Articles in Economica, Journal of the American Statistical Association, Political Science Quarterly, Encyclopaedia of the Social Sciences, American Economic Review, The Family, Vassar Quarterly, Weltwirtschaftliches Archiv, Today, Survey Graphic, Law and Contemporary Problems, Independent Woman, Social Work Year Book, National Municipal Review, International Labour Review, Social Service Review, American Federationist, Annals of the American Academy of Political and Social Science, Proceedings of the Second American Retail Federation Forum (1940), Journal of Educational Sociology, Welfare, Survey Midmonthly, National Municipal Review, Canadian Welfare, Bulletin of the New York School of Social Work, Public Affairs, Agenda, School and College Placement, Journal of Home Economics, Special Libraries, New York Times Magazine, The Nation, Journal of Educational Sociology, Smith College Studies in Social Work, Proceedings of the Ninth Canadian Conference on Social Work, 31st Annual Schoolmen’s Work Proceedings, Abstracts of Eight Sessions of the Institute on Social Security (1945), Social Service Review, Yale Law Journal, The Manchester School, The Compass, Tennessee Public Welfare Record, Proceedings of the New York State Conference on Social Work (1948), AAUW Journal, Proceedings of the National Conference of Social Work, The Woman’s Press, Journal of Social Casework, Proceedings of the Second Annual Conference sponsored by the Pennsylvania Agency—School Committee on Preparation for Public Social Welfare and the Pennsylvania Association of Colleges and Universities (1950), Survey, Proceedings of the Fourth Annual Meeting of the Industrial Relations Association (1951), Social Work Journal, American Journal of Nursing, Public Welfare News, Social Work, Michigan Welfare Journal, Papers and Proceedings of the Conference on Social Policy and Social Work Education (Arden House, 1957), Social Studies Kit, Council Women, The Club Woman and Her Community, Children, Proceedings of the Social Security Conference sponsored by the Labor and Industrial Relations Center (Michigan) (1960), Proceedings of the Ninth Annual Program Meeting of the Council on Social Work Education (1961), Fourteenth Annual Conference on Labor (1961), Employment Security Review, Public Welfare, Industrial Relations, Proceedings of the Seventh Annual Program Meeting of the Council on Social Work Education (1963), The Nation, Bulletin of the New York Academy of Medicine, Public Interest, Current, Canadian Labor, Canadian Tax Journal, Proceedings of the Annual Conference of Industrial Relations Research Association (1965), Monthly Labor Review, Journal of Education for Social Work, Proceedings of the 20th Anniversary Meeting of the National Social Welfare Assembly (1966), New Directions in Public Policy for Health Care (The 1966 Health Conference), Public Health Reports, Hospital Topics, New Society, Milbank Memorial Fund Quarterly, American Journal of Public Health, The Princeton Synposium on the American System of Social Insurance (1968), HSMHA Health Reports.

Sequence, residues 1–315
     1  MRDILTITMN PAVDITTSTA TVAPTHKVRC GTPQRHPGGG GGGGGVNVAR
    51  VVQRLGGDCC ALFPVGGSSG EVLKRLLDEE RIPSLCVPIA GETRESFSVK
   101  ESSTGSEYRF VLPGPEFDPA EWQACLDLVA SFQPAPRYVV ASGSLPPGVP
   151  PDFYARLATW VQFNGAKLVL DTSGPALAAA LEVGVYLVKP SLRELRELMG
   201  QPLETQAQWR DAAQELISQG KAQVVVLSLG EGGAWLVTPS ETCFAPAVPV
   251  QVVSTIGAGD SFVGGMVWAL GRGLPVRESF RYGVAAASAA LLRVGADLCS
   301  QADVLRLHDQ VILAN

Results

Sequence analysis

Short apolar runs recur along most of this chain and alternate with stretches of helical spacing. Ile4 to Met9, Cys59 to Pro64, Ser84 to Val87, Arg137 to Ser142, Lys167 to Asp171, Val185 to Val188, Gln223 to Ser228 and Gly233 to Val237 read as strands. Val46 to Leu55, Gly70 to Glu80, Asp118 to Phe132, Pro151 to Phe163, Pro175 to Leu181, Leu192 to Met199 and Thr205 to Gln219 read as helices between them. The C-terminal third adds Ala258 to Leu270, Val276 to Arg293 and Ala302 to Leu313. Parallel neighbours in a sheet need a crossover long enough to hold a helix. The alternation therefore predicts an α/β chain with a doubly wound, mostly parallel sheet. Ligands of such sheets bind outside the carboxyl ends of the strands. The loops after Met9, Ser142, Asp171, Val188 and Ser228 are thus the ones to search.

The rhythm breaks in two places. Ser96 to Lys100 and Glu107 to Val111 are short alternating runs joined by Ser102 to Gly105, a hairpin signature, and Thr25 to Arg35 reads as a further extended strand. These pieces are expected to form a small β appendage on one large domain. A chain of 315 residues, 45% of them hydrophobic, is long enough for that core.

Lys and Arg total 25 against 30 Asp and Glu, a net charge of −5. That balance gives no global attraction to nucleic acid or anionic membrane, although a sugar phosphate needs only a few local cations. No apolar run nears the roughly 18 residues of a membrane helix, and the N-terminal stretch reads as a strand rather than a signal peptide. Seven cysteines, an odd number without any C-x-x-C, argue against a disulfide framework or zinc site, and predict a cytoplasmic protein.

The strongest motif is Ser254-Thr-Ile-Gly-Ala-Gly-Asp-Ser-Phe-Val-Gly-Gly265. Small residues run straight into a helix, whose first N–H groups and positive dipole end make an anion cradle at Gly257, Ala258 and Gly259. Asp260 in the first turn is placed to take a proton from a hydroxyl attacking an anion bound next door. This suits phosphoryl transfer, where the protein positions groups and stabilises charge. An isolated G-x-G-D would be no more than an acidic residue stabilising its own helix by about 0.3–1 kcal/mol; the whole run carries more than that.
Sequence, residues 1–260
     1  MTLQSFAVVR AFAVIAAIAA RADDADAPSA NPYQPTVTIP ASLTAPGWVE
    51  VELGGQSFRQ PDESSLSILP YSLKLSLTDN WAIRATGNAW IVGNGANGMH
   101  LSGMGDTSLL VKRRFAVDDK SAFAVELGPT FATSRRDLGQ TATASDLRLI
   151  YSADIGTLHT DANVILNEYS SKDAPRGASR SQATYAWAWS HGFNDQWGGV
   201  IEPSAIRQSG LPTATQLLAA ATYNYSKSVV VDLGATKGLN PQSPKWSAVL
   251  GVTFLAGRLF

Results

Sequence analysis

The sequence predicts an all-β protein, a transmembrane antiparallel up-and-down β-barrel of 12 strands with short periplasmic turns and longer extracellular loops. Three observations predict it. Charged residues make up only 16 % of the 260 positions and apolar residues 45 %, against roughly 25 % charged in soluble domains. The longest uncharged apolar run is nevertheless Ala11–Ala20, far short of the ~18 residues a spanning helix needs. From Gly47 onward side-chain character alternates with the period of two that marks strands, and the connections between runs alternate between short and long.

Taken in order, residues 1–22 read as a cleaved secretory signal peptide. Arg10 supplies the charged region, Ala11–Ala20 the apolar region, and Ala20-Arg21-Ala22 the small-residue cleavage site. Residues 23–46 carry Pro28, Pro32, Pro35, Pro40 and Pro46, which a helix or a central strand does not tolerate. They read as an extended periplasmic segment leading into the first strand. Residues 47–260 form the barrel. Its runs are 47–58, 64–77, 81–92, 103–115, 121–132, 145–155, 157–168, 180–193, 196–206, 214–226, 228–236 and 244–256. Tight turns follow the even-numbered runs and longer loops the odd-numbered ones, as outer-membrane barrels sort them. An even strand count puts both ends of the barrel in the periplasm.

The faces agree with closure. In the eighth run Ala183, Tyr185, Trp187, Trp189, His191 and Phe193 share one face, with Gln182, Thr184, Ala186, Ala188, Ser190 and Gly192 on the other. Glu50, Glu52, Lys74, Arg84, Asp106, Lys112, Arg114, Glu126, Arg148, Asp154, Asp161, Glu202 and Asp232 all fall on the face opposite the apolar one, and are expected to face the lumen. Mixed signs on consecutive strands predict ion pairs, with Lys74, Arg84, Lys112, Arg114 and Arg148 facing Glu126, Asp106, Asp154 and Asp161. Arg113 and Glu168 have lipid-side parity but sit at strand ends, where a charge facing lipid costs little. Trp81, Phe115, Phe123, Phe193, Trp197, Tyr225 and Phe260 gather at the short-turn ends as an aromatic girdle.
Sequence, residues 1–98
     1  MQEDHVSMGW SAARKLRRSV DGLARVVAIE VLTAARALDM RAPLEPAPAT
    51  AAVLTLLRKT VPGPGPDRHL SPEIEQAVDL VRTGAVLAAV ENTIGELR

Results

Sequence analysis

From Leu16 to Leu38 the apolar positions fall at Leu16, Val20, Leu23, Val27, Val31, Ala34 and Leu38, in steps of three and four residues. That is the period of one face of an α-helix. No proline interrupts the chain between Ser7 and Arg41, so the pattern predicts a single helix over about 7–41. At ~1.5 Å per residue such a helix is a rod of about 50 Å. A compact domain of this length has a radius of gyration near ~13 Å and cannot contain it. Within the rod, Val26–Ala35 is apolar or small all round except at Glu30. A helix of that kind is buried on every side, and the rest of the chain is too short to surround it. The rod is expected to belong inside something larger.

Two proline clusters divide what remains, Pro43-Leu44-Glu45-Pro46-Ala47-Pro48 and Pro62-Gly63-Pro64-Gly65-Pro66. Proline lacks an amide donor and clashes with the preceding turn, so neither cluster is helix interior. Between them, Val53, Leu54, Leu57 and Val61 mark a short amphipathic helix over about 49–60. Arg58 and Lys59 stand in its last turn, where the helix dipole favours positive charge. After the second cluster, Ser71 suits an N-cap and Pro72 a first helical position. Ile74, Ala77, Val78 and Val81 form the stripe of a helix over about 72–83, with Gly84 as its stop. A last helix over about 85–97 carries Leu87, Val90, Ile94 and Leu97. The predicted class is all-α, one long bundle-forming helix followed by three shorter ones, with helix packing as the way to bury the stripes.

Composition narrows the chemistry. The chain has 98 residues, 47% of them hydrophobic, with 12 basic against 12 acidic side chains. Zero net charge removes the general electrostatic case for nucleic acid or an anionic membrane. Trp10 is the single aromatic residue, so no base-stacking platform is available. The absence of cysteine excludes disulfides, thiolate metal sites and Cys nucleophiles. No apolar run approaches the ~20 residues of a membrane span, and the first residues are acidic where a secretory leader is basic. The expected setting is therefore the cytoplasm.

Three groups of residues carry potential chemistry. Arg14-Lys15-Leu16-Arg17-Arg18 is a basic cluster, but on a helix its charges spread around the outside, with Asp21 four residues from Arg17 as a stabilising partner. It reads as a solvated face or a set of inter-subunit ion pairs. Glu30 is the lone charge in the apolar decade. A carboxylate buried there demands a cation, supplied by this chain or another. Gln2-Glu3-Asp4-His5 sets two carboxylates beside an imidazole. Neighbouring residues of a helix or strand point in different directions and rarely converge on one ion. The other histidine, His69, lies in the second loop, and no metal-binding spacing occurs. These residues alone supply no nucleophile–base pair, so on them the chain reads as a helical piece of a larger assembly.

A Festschrift was published in honour of Professor Burns in 1969 under the title: Social Security in International Perspective: Essays in Honor of Eveline M. Burns, Ed. Shirley Jenkins, New York and London, Columbia University Press.